In a comparative study on thallium and FDG SPECT in 5 patients with biopsy-proven squamous cell carcinoma of the head and neck, Mukherji et al18 showed that FDG SPECT had advantages over thallium SPECT in detecting the primary tumors (5/5 vs 3/5), mainly because of its reduced salivary gland activity.18 In the present study, we have not found false-negative results of thallium SPECT due to "masking" of salivary gland uptake.
A thallium whole body scan has potential value in the detection of occult primary tumors other than in the head and neck area. In 1 patient, the thallium whole body scan showed a primary thyroid carcinoma outside the mucosal lining of the upper aerodigestive tract. In 1 patient, a gastric carcinoma was not visible on the whole body scan.
Earlier, we stated that normal radiodiagnostic imaging is usually followed by negative findings with EUA. The high negative predictive value of CT/MRI (89%) supports this statement. The negative predictive value of thallium SPECT was 90%, indicating that negative findings with EUA are also very likely after normal nuclear imaging findings.
Low positive predictive values for both thallium SPECT (33%) and CT/MRI (45%) were found. This indicates that when panendoscopy shows no macroscopic abnormality at the site that was indicated by imaging as a possible primary site, biopsies should always be performed on other sites that are known for harboring occult primary tumors, ie, nasopharynx, tonsil, base of tongue, and hypopharynx. Some authors argue in favor of routine ipsilateral (to nodal disease) or bilateral tonsillectomy in these circumstances.10- 12 On the other hand, the high negative predictive values for both cross-sectional and nuclear imaging suggest that it is not necessary to repeat a subsequent negative panendoscopy in this setting.
In this study, thallium SPECT showed comparable results to CT/MRI in the detection of occult primary lesions. Although thallium SPECT scanning did not provide better detection of occult head and neck primary tumors in this study, its role may increase in the future. Potentially, metabolic techniques can detect subtle mucosal abnormalities not seen on cross-sectional imaging. In addition, thallium SPECT may reveal the site of the occult primary lesion in case of false-positive cross-sectional findings (patient 1, Table 1). Future developments in computerized fusion of radiodiagnostic and metabolic images may help improve localization of radioisotope uptake,19 reducing difficulties in interpreting anatomical sites (Figure 2). This needs to be investigated in future prospective correlative studies. For such studies, we would recommend the algorithm currently used in our institution, based on the results of the present study (Figure 3). If thallium SPECT is not available, this algorithm (excluding the metabolic study) can be used in daily practice for imaging analysis of patients presenting with a neck node metastasis of a squamous cell carcinoma of unknown origin (Figure 3).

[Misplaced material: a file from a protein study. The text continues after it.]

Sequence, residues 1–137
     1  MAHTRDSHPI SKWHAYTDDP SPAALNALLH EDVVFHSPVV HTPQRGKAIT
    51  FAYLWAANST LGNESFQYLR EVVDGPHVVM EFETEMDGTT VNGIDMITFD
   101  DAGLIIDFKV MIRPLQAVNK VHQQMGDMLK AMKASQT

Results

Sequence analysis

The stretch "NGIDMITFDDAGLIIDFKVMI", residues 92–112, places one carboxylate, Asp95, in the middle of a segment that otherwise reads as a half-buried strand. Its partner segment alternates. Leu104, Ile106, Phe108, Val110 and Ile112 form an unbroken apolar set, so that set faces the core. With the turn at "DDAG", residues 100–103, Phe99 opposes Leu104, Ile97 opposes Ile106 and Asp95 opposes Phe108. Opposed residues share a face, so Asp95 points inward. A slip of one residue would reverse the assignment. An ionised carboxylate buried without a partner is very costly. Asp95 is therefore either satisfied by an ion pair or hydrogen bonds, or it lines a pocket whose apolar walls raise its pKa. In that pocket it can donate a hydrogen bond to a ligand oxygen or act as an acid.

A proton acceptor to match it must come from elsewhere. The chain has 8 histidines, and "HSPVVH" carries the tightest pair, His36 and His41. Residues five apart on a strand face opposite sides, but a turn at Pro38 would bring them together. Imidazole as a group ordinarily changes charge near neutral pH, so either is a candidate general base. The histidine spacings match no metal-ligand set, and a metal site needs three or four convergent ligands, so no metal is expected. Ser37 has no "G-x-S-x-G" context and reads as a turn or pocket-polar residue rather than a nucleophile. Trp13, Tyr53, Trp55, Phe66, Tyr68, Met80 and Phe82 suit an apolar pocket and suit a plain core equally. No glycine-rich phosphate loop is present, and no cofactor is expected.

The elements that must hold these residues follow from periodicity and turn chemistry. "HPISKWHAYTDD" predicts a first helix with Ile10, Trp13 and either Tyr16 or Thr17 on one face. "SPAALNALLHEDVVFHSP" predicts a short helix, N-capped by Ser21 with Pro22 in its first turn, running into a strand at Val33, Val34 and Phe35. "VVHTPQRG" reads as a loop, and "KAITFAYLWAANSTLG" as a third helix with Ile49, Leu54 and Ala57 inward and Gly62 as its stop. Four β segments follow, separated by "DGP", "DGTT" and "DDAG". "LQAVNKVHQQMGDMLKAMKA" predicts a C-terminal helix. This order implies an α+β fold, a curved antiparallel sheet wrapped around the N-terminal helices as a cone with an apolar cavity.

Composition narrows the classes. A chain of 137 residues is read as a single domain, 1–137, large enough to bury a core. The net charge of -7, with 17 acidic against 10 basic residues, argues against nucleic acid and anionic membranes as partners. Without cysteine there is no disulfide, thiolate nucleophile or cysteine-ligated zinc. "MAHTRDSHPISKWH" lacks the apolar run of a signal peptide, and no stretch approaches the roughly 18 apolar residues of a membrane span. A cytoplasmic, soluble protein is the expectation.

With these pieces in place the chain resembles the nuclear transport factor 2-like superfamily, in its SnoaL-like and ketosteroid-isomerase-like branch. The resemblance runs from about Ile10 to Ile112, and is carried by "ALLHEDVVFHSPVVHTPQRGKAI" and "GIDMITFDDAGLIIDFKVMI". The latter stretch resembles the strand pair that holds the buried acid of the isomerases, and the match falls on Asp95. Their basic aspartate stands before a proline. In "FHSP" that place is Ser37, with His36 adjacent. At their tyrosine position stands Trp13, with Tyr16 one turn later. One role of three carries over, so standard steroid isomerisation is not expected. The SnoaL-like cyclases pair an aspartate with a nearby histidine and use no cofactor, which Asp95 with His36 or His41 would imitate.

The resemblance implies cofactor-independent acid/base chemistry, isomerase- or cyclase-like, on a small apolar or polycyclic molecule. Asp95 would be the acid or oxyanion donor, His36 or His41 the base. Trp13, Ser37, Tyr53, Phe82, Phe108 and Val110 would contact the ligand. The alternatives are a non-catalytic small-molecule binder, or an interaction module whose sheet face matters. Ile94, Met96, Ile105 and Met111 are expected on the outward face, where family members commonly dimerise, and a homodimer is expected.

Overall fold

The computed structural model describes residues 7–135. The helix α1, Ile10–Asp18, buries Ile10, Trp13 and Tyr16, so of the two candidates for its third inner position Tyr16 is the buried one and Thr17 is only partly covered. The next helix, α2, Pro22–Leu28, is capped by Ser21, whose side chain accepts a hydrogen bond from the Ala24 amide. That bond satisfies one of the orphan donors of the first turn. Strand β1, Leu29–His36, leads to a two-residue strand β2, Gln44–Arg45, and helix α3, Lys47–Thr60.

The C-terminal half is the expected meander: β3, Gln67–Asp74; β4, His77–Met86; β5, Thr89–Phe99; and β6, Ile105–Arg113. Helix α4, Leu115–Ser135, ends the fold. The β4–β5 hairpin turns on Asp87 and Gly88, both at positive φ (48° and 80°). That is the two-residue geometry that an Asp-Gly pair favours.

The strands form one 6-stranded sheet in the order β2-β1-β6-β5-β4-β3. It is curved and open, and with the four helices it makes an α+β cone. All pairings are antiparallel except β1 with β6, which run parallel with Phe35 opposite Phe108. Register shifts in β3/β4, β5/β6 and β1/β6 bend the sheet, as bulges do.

Rereading of the initial radiodiagnostic studies with knowledge of the biopsy-proven primary tumor site changed false-negative (n = 2) and false-positive (n = 1) results to true-positive results in 3 patients. This underscores the importance of the use of optimal scanning protocols for both CT and MRI. The reading error in 1 case might have been prevented by double reading. Rereading of the metabolic studies in these cases changed a false-positive result to a true-positive result in 1 case (patient 28, Table 1). The hypopharynx, anatomically, is in close proximity to the base of tongue. It may be difficult to separate these subsites on a thallium SPECT study. When the cross-sectional studies and the thallium SPECT study were reread together, it became clear that the location of the increased uptake on the SPECT study matched the abnormality in the base of tongue seen on CT and MRI (Figure 2).
In summary, the results of the present study suggest that in the search for the unknown primary tumor in patients with a cervical metastasis and negative findings with mirror and/or endoscopic examination at initial presentation, CT/MRI and thallium SPECT scanning are comparable.
Considering the choice between CT and MRI, the results of the present study support the approach advocated by several authors, with contrast-enhanced CT as a first choice. In this case, MRI is used as a supplement for focused evaluation of areas suggestive but not definitively positive on CT or when CT results are normal (Figure 3).
When, in addition, a thallium SPECT study is performed, we recommend simultaneous interpretation of both radiodiagnostic and metabolic studies. Whole body thallium scan has potential value in the detection of occult primary tumors beyond the mucosal lining of the upper aerodigestive tract.
Accepted for publication September 22, 2000.
Presented as a poster at the spring meeting of The Netherlands Society for Otorhinolaryngology and Cervico-Facial Surgery, Amsterdam, April 22-23, 1999.
Corresponding author: A. J. M. Balm, MD, The Netherlands Cancer Institute, Antoni van Leeuwenhoek Hospital, Plesmanlaan 121, 1066 CX Amsterdam, the Netherlands (e-mail: email@example.com).